Sixty years ago, in 1955, the world had not yet seen the first laser -- it had not yet been invented. Fiber optics were brand new, there were no artificial satellites circling the Earth, no humans had been in space, and the first solar cell was in early stages of development as was the first video recording machine. Smartphone? How can a phone be "smart"?

In that environment, a group of engineers working in optics and optoelectronics to build the first scientific cameras gathered in a restaurant in Hollywood, California, to discuss a shared challenge. They needed to use high-speed photography to solve design issues and create capabilities in industries from aerospace to communications and to advance research. But although individual labs were devising solutions that held potential for multiple other applications, there was no forum in which to share information.

Their solution: the formation of SPIE, the Society of Photographic Instrumentation Engineers.

Sixty years on, optics and photonics technologies are helping to solve many problems, in measurement and medicine, space exploration and community security, to name a very few areas.

All that is history -- what lies ahead?

Who better to ask that question of than those who will build the future?

Early-career professionals and student leaders at the SPIE Optics + Photonics 2015 conference held in San Diego, California, last month were invited to share their visions.

Based on what they're seeing, while photonics has made some amazing changes in the past 60 years, the future looks even brighter. Here are 16 visions shared in San Diego.

  1. "In 60 years, optics will revolutionize healthcare with noninvasive and nondestructive diagnostics and treatments." Goretti Hernandez, Yuliana Espinara, and Jorge Sanchez, Centro de Investigaciones en Óptica
  2. "Light-based communication technologies will break the walls between nations and allow us to have a united world." Sergio Corranza, Universidad de Guadalajara.
  3. "The Earth could find its sister 'Earth' and co-exist in the universe with the development of photonics in astronomy." Sumeet Shrestha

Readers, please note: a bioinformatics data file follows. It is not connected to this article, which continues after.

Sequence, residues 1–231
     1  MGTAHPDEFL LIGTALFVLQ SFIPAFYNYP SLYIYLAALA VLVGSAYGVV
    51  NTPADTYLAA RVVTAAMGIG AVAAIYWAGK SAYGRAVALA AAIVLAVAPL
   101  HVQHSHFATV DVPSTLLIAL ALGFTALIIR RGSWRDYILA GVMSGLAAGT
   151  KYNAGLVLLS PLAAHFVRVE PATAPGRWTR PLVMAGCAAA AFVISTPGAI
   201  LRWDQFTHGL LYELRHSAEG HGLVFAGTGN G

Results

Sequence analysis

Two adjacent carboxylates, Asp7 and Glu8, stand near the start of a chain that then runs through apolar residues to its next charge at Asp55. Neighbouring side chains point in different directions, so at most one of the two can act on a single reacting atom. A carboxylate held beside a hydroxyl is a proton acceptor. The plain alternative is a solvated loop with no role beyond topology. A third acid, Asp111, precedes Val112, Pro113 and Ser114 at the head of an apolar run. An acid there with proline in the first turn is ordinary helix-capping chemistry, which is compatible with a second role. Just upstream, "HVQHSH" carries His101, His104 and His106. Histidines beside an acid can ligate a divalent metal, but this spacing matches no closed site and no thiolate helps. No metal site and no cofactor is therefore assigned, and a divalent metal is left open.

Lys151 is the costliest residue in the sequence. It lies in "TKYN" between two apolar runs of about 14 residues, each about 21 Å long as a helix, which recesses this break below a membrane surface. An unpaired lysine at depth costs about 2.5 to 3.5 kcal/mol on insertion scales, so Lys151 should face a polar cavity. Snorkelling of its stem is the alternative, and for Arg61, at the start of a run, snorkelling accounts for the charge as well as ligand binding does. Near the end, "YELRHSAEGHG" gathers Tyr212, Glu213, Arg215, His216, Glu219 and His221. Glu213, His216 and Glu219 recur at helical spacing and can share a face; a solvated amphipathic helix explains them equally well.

4. "Photonics will bring radical change in methods of communication and data security." Bhogyashri Darunkar
  5. "Photonics will enable us to see hypothetical particles like quarks, bosons, and leptons." Neerad Nanadan, Dehli Technological University
  6. "The development and integration of photonics in medical diagnostics will allow us to detect diseases in the early stages and save thousands of lives." Olga Bibikova
  7. "Today's research on semiconductor LEDs and solar cells are going to rock and serve future generations." Amir and Shaheer, National Institute of Technology Tiruchirappalli
  8. "Classically, photonics will enable computing to be done exclusively with optics. Quantum mechanically, photonics will provide a quantum internet that connects quantum computers." Joe Cha, University of Rochester
  9. Photonic and optical technolgy will lead us to discover what dark matter really is and what its properties are." Aaron Farley, Three Rivers Community College
  10. "Light is life, keep it in mind! Photonics will be everywhere to improve lifestyle, technology, health, people, ideas, art, and science. 'Fiat lux,' let there be light for the next 60 years and more." Francesca Giacomello
  11. "A huge breakthrough in ways of data transferring and processing with the help of light." Olexii Hudz
  12.  "Photonics accelerates everything to the speed of the fastest element of the world: photon!" Hamidreza Kaviani, University of Calgary
  13. "The world will be LED by photonics." Abhishek, National Institute of Technology Goa
  14. "Photonics will help to get clean energy, new medical technology, and faster communication to connect the world." Brhayllan Mora, Universidad de Guadalajara